Religion in Mauritius

Last updated

Religion in Mauritius (2015 census) [1]

   Hinduism (48.14%)
   Roman Catholic (27.23%)
   Protestantism (2.68%)
   Islam (17.54%)
  No religion or Unspecifed (3.98%)
  Other (0.43%)

Mauritius is a religiously diverse nation, with Hinduism being the most widely professed faith. [2] The people of Indian descent (Indo-Mauritian) follow mostly Hinduism and Islam. The Franco-Mauritians, Creoles and Sino-Mauritians follow Christianity. A minority of Sino-Mauritians also follow Buddhism and other Chinese-related religions. According to the 2011 census made by Statistics Mauritius, Hinduism is the major religion at 48.54%, followed by Christianity at 32.71% (with Catholicism as the largest Christian denomination at 26.26%), followed by Islam 17.30% and Buddhism 0.18% in terms of number of adherents. [2]

Contents

The constitution prohibits discrimination on religious grounds and provides for freedom to practice or change one's religion. The government provides money to the Roman Catholic Church, Church of England, Presbyterian Church of Mauritius, Seventh-day Adventists, Hindus, and Muslims according to their numbers in the census in addition to tax-exempt status. Other religious groups can register and be tax-exempt but receive no subsidy. [3] Religious public holidays are the Hindu festivals of Maha Shivaratree, Ougadi, Thaipoosam Cavadee, Ganesh Chaturthi, and Diwali; the Christian festivals of Assumption and Christmas; and the Muslim festival of Eid al-Fitr. [4]

Dharmic religions

Hinduism

Hinduism originally came to Mauritius mainly through Indians who worked as indentured labourers on the island following the abolition of slavery. [5] Today, Hinduism is a major religion in Mauritius, representing 48.54% of the total population of the country according to the 2011 census carried out by Statistics Mauritius. [2] [6] [7] This makes Mauritius the country having the highest percentage of Hindus in Africa and third highest percentage of Hindus in the world after Nepal and India, respectively.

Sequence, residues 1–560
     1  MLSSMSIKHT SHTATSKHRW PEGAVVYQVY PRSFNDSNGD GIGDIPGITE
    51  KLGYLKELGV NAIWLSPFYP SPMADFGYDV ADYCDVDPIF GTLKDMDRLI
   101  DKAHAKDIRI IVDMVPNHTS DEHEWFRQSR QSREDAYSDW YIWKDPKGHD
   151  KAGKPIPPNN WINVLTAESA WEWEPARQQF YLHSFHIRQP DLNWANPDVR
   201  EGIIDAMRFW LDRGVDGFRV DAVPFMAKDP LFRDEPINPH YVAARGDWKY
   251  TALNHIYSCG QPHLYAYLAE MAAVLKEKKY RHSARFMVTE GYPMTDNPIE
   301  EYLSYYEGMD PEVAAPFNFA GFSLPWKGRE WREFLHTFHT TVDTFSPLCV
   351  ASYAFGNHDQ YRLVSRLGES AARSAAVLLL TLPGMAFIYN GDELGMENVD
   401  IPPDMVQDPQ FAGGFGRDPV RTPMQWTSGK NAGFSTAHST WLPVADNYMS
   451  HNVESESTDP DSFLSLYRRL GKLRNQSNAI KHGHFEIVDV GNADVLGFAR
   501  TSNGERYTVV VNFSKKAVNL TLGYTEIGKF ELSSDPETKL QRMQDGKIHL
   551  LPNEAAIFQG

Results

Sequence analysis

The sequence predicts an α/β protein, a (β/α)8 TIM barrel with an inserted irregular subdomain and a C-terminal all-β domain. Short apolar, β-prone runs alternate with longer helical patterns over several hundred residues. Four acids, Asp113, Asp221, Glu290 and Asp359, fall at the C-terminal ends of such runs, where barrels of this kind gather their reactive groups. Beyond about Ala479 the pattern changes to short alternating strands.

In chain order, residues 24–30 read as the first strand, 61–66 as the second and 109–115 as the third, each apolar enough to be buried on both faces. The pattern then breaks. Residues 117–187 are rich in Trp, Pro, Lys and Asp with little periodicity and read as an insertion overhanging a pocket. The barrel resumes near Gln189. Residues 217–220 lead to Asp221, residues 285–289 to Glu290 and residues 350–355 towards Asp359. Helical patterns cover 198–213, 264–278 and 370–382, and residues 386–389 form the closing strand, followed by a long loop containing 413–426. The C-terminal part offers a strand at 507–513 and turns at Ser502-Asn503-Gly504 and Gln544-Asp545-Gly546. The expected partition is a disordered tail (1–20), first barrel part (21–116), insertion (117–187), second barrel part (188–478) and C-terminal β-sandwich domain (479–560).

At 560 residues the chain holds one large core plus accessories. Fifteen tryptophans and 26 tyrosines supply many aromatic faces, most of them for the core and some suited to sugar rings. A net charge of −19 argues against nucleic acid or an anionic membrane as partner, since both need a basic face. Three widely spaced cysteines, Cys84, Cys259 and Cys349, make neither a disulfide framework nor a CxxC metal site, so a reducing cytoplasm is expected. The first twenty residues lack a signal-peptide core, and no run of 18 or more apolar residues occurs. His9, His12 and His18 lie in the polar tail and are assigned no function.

One of the biggest festivals on the island is Mahasivaratri, or the 'Great Night of Siva'. During this annual Hindu celebration, which takes place in the months of February and March, four to nine days of ceremony and fasting lead up to an all-night vigil of Siva worship and Ganesha worship.

There is also a significant migrant population of Bhumihars in Mauritius who have made a mark for themselves in different fields; they are still in touch with their family members in India and there are instances of marital relations between them to keep their cultural identity intact. [8]

Buddhism

About 0.4% of the population of Mauritius adheres to Buddhism. [2] It is practiced by a significant minority of Sino-Mauritians.

Abrahamic religions

Sub-Tropical Rambles in the land of the Aphanapteryx, Port Louis Cathedral.jpg
Port Louis, Saint Louis Cathedral.jpg
Old and new images of St. Louis Cathedral, Port-Louis

Christianity

Catholics make up 83% of Mauritius's Christians (26% of the total population or 324,811). [2] The other recognized and subsidized religions include the Church of England which on the island is the Diocese of Mauritius in the Church of the Province of the Indian Ocean which has 2,788 members according to the census; the Presbyterian Church of Mauritius with 501 members, and the Seventh-day Adventists with 4,428 members. [2] Other Christian denominations include three Pentecostal groups Assembly of God with 8,692, Mission Salut et Guérison with 3,731, and Pentecotiste Church with 6,817. [2] About 47,774 just listed Christian on the census. [2] Jehovah's Witnesses have 2,173 members. [2] The Church of Jesus Christ of Latter-day Saints reports 471 members in 2 congregations; [9] the census reports 40. [2]